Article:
Braidwood's biannual long weekend book fair at the National Theatre has become very popular with locals and visitors. Held on the January and June long weekends the event picks up lots of passing trade from travellers as well as locals and those who make Braidwood a destination.
Some even make it a deliberate pilgrimage, staying overnight for a short getaway to stock up on reading material or look for rare finds amongst the thousands of titles. It is also a great opportunity for visitors to explore the town with its selection of cafe's antique stores and interesting architecture. Braidwood today is as much a destination as it is a convenient stopping point to break a journey to and from the coast or to other destinations.
The Anglican Church's Monster Book Fair is now getting penciled in on many people's calendar as something special to go and see.
Right in the heart of the main street the National Theatre also houses the Tourist Information Centre and is conveniently opposite the Braidwood Bakery and Community Bank with lots of other interesting shops close by.
The fair raises much needed money for the church, its maintenance and for the social programs that help the local community. The prime location means it gets a large number of people dropping in who did not realise the fair was on. Many of these customers, will return in the future to search through the rows of books for even more titles to add to their collection and some even donate books so others can enjoy them.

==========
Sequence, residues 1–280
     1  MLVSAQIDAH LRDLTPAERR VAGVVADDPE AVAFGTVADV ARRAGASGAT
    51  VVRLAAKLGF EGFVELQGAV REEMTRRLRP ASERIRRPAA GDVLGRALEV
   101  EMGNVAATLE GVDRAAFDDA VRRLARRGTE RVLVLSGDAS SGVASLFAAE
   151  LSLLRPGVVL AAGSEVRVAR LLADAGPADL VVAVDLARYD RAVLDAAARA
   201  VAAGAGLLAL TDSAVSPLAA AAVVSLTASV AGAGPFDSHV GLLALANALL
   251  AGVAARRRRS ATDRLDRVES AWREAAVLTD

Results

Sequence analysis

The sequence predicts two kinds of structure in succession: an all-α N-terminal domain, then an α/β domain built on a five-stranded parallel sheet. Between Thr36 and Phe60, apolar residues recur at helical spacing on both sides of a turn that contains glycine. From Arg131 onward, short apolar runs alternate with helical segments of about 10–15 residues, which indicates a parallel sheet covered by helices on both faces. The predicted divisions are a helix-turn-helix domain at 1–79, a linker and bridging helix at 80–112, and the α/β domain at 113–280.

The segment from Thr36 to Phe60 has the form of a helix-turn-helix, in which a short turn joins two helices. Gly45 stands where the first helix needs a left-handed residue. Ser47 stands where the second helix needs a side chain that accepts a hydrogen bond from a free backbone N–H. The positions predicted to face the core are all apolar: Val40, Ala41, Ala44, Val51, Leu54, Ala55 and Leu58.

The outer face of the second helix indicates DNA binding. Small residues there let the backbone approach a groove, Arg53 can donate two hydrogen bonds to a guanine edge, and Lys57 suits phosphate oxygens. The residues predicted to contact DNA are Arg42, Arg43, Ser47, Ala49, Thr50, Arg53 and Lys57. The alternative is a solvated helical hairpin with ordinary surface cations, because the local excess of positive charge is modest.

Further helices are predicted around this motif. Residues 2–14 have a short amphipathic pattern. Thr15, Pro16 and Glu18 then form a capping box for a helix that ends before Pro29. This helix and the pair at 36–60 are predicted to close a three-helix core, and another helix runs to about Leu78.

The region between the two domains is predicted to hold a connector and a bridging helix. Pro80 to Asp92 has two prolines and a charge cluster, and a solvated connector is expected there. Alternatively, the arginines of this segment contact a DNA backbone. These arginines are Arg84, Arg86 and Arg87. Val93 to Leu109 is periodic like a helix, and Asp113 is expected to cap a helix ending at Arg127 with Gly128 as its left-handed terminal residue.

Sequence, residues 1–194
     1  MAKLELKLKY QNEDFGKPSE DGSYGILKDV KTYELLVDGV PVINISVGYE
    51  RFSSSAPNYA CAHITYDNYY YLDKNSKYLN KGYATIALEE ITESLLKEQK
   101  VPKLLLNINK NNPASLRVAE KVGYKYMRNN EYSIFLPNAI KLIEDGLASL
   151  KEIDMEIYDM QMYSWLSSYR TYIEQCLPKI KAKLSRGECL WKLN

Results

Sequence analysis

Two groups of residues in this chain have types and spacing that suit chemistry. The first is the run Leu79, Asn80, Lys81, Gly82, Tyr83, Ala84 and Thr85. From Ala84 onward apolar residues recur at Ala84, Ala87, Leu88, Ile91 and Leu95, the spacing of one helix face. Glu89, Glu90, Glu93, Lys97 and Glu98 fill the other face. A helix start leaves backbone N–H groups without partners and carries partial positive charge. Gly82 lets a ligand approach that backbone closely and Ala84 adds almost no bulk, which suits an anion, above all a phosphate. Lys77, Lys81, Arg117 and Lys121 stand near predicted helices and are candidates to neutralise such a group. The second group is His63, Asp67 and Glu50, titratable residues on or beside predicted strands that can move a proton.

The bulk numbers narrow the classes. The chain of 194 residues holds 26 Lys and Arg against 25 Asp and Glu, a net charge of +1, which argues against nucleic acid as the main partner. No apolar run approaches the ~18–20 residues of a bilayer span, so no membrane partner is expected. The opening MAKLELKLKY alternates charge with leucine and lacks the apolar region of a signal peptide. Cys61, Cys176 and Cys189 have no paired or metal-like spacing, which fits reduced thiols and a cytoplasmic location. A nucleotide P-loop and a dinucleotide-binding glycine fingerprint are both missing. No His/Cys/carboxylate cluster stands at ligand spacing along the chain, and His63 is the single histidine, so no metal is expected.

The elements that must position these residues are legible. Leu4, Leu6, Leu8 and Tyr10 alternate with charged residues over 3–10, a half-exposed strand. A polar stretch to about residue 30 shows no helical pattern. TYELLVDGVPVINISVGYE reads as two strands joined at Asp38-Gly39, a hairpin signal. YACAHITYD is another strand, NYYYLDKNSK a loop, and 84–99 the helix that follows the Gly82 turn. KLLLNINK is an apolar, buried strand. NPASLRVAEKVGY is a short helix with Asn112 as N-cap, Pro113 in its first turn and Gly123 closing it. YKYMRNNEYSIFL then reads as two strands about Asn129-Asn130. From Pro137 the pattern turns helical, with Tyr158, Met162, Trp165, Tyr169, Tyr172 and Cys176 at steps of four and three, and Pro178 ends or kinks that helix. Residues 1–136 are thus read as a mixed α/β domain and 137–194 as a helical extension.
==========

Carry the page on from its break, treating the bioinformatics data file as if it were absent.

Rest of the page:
Many visitors also choose to come on the Sunday or the middle day of the three day event to avoid the inevitable heavy traffic bolstered by the weekend getaway traffic.
The books, DVDs and CDs are donated to the cause by people, not only locals who no longer require of don’t have storage space for the fiction and non fiction titles anymore. Some are from family estates or people who need to downsize or clear space to make way for more reading material.
People who walk through the National Theatre doors to brows are as different as the titles on display. According to volunteer Lyn Cram some people are looking for a good read, others are more interested in the technical books and text books or craft and cooking titles. Other people are looking for collectables and rare books that they can pick up at way below their collectable value.
People can fill a bag or a box with books for even greater discounts and on larger books they can negotiate a price. The popularity of the event proves there is still great interest in the printed word from people of all ages.